Developing antibody based diagnostic tests
The biophysical features of antibodies are exquisitely sensitive to the environment of the body at the time of production, and changes in these features have been observed across health and disease, with dramatic changes noted with age, during pregnancy, across geographic areas, and with autoimmune disease, infection, and malignancy. Importantly, these changes in antibody features can be harnessed to develop antibody-based diagnostic tests that can be used to guide clinical care of patients. As such, Systems Serology can be used to identify the antibody features and functions that discriminate particular patient populations, which can then be used to develop more effective diagnostic tests.
Tuberculosis is the leading cause of infectious disease deaths worldwide. Complicating the effective treatment of tuberculosis patients is that an accurate and cost-effective diagnostic test is lacking. The currently used clinical tests largely rely on the use of nonspecific clinical symptoms, expensive microbial tests, and T cell–based tests that cannot discriminate between individuals with latent infection who are clinically well and the subset of individuals in this population who progress to active tuberculosis disease. As a simple point-of-care diagnostic with an enhanced ability to distinguish latent from active tuberculosis could dramatically limit the spread of this disease, Systems Serology was used to identify the antibody features and functions that could distinguish patients with active infection from those with latent infection.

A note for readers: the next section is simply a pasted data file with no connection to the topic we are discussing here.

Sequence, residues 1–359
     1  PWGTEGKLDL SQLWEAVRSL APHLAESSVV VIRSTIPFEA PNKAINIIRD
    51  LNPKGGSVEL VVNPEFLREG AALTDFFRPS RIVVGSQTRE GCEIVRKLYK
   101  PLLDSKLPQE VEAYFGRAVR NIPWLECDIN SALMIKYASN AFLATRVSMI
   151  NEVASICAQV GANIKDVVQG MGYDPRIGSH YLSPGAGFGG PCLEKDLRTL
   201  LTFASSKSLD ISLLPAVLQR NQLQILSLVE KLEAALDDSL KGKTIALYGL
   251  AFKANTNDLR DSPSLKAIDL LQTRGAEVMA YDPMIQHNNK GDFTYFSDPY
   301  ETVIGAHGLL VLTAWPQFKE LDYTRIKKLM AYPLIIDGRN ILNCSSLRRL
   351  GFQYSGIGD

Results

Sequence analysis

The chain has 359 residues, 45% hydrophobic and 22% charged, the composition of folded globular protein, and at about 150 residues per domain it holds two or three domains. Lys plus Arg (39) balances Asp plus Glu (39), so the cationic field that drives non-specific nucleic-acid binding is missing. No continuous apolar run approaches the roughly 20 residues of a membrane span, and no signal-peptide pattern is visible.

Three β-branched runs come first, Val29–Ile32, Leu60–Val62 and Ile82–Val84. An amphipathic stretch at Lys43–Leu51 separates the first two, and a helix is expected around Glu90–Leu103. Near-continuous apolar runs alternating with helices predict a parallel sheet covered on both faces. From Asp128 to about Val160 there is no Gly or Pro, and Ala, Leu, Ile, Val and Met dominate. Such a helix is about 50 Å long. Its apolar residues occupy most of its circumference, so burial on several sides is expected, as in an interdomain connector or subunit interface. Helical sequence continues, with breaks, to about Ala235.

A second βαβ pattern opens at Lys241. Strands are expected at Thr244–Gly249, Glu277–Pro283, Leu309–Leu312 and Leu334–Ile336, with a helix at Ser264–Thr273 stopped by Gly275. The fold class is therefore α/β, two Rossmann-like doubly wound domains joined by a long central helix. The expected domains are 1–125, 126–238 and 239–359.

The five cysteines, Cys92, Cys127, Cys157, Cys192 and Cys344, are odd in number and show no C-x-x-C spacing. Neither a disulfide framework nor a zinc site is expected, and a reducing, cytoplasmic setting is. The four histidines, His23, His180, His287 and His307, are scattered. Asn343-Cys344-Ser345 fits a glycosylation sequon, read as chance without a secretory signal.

Systems Serology Application:
Reprinted from Cell, 167(2), Lenette, LL, et al.,
A Functional Role for Antibodies in Tuberculosis,
433-443, 2016, with permission from Elsevier.
Individuals with either latent or active tuberculosis generated antibody responses against the bacteria. However, these responses were functionally distinct, with latently infected individuals demonstrating increased antibody-dependent NK cell functions, whereas actively infected individuals demonstrated increased antibody-dependent phagocytic responses. In addition to these differences in functionality, significant differences in the biophysical features of the bacteria-specific bacteria were observed including increased binding to FCGR3 and unique antibody glycosylation patterns. Combined, these data suggest that individuals with active infection have an antibody profile that is functionally and biophysically distinct from individuals with latent infection.
Biomarkers are important for the diagnosis and management of disease, providing a means to predict development of and diagnose a disease, predict response to particular therapies, and monitor disease progression and treatment efficacy. Antibodies are increasingly being recognized as potential biomarkers, demonstrating diagnostic and prognostic potential across a range of diseases, including autoimmune disease, infection, malignancies, and Alzheimer’s disease. Beyond the mere presence of particular antibodies, changes in the functional or biophysical features of antibodies has the potential to more precisely distinguish patient groups or predict outcome, potentially allowing for more individualized care. The Systems Serology suite of assays offered by SeromYx provides an opportunity to identify potential biomarkers that can distinguish patient populations or predict disease progression, providing the information critical for the development of cost-effective, point-of-care diagnostic tests and personalized medicine.
Lu LL, et al., Functional Role for Antibodies in Tuberculosis. Cell. 2016 Oct 6; 167(2): 433–443.e14.